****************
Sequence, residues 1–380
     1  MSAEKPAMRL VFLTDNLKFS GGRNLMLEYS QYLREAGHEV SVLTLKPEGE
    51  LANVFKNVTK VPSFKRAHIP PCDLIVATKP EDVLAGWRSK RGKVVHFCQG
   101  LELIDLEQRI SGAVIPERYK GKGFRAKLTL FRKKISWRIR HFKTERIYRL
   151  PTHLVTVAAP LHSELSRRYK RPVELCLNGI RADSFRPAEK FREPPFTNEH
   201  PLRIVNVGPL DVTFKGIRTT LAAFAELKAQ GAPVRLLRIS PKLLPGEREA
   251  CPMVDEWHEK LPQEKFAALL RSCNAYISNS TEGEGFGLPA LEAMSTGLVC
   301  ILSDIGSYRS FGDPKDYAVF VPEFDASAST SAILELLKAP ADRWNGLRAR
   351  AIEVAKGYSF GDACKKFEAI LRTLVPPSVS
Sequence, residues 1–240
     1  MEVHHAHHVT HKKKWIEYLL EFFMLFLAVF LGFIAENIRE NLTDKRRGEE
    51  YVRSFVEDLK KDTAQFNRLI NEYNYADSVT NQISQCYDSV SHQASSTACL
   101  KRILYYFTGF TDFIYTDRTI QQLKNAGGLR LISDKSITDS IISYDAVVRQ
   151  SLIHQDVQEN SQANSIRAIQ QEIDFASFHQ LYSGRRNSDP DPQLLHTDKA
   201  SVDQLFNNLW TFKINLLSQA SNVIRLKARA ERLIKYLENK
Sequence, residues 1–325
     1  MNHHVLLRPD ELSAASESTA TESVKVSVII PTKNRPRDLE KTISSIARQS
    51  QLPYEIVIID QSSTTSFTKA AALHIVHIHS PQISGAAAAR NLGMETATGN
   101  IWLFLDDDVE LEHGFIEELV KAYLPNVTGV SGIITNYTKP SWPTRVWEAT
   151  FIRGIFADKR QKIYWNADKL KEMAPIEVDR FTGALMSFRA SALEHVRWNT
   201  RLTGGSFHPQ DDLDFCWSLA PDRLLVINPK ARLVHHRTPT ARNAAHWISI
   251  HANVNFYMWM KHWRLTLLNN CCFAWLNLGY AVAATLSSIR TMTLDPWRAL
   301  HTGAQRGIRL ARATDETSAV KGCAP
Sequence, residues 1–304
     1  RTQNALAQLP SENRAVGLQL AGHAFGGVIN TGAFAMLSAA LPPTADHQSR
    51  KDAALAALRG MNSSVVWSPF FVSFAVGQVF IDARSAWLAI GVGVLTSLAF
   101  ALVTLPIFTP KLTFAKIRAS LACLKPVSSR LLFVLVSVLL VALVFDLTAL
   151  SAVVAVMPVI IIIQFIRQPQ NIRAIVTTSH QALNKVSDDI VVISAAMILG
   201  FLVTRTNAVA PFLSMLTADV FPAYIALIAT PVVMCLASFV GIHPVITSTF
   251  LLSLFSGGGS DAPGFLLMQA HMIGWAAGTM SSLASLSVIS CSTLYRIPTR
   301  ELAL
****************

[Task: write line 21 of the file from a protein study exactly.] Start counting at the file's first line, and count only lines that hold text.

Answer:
   201  RLTGGSFHPQ DDLDFCWSLA PDRLLVINPK ARLVHHRTPT ARNAAHWISI